anchor couple fingers friends
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How often do people underperform simply because they feel unsupported?  Our world is filled with so many individuals, groups and societies who, not at all to say they are unproductive, but who struggle and can’t reach their potential because they lack the basic needs to be able to focus and perform at their highest ability. Food scarcity, hunger, exhaustion, lack of safety, financial hardship, loneliness, and the lack of stable housing are all very real challenges hundreds of millions of people face all over the world. They are refugees crossing the globe to seek shelter and neighbors on your own street looking for a friend.  

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We all need support from time to time. Some of it is physical or monetary and often it is just letting someone know you are showing up for them. Sometimes it’s as simple as a chalk message on the sidewalk or a phone call.  

Who can you show up for today?

 

Those on the Front Lines

For months the world has been watching the unfolding of what is perhaps the most unifying and isolating shared human experience in over a century.  There are plenty of mentions of needs in the medical community. Not a lot of in depth reporting on their experiences and concerns. The medical community is communicating inside their network though and their fear is very real and ingenuity astounding.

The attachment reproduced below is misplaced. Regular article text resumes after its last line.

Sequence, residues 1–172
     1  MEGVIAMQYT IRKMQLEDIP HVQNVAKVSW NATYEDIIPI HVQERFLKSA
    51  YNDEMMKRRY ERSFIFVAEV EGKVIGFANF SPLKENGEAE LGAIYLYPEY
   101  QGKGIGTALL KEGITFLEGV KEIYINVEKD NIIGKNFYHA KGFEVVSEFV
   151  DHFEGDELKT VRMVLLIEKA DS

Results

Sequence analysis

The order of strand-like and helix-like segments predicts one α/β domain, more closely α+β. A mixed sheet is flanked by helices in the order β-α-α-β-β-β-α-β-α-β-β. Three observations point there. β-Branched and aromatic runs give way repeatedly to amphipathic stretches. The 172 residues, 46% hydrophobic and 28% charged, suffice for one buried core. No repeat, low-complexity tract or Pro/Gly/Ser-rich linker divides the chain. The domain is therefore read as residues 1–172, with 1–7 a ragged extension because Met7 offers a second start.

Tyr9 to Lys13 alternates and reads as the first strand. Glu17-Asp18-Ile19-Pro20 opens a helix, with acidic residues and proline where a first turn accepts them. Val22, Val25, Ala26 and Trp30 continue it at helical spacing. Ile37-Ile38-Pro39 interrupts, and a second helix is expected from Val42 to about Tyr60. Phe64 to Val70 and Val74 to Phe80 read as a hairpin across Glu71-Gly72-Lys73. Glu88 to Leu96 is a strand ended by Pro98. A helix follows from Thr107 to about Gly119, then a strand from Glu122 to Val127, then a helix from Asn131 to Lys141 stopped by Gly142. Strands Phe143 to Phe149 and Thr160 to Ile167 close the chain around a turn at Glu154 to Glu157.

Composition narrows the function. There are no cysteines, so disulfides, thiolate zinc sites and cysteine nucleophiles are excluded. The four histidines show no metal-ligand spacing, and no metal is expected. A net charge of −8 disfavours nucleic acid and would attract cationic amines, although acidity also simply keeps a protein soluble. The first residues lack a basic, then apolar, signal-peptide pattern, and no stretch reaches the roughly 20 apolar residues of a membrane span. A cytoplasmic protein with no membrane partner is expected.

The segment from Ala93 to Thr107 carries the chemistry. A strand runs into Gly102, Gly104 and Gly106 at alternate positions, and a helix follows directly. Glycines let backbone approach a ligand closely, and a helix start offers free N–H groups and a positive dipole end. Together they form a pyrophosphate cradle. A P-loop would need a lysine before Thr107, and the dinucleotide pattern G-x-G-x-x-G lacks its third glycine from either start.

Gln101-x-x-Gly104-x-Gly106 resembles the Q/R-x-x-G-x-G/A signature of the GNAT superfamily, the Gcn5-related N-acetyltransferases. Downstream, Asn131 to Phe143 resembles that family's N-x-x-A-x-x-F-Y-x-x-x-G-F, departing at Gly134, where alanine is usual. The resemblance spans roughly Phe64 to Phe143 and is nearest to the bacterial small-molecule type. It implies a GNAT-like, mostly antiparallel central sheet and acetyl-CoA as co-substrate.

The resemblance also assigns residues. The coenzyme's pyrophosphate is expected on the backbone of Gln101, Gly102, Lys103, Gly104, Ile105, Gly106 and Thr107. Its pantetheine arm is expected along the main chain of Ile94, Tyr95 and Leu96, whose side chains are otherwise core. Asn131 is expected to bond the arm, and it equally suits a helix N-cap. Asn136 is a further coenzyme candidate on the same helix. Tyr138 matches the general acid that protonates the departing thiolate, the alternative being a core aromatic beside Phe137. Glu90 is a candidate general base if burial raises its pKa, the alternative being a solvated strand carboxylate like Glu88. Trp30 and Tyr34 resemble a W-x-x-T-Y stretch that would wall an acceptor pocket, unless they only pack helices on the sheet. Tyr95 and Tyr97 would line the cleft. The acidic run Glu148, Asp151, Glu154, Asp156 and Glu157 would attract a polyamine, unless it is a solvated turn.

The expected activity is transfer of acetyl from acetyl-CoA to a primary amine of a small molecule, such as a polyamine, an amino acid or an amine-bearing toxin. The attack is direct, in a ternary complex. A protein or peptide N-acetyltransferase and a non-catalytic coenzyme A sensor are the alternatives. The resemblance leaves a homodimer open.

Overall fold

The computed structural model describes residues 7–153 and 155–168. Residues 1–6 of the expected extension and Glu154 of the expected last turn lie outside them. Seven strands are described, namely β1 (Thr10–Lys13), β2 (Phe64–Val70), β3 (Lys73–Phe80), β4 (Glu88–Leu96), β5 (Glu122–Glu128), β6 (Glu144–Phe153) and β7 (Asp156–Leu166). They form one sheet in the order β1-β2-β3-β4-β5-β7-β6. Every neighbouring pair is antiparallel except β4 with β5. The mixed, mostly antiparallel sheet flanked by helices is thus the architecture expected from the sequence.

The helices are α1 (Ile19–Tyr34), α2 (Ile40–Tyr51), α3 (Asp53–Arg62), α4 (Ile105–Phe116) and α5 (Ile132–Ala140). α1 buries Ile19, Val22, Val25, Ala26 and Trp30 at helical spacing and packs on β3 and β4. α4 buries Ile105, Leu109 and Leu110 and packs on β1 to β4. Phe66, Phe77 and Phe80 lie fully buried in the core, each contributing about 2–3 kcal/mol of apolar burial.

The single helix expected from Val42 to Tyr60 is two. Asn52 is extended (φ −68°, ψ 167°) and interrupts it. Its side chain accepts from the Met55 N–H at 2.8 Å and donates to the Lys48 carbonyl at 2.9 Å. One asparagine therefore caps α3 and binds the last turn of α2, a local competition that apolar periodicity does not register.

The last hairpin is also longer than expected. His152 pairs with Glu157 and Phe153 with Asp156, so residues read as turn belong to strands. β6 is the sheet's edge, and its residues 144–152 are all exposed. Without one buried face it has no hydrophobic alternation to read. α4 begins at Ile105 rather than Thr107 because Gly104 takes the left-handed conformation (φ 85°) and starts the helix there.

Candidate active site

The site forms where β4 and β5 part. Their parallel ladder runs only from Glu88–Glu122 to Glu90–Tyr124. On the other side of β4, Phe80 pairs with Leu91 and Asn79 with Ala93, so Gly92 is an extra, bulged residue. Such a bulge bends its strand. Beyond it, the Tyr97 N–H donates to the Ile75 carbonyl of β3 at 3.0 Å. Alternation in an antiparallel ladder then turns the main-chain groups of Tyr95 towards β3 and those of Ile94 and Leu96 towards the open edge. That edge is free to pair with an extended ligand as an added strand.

I have several close friends who work in hospitals.  My husband has been living in a hospital all week. The untold truth is: medical professionals are SCARED.  And rightfully so. I spoke with a doctor this week who couldn’t get the proper (N95) mask to wear in a surgery she participated in- there weren’t any.  When scared people flooded the market and bought up all the masks, they left medical professionals, who are risking and some even giving their lives to help those suffering, without this much needed protection.  Now there are doctors preparing to make their own protective gear, including face masks out of vacuum filters.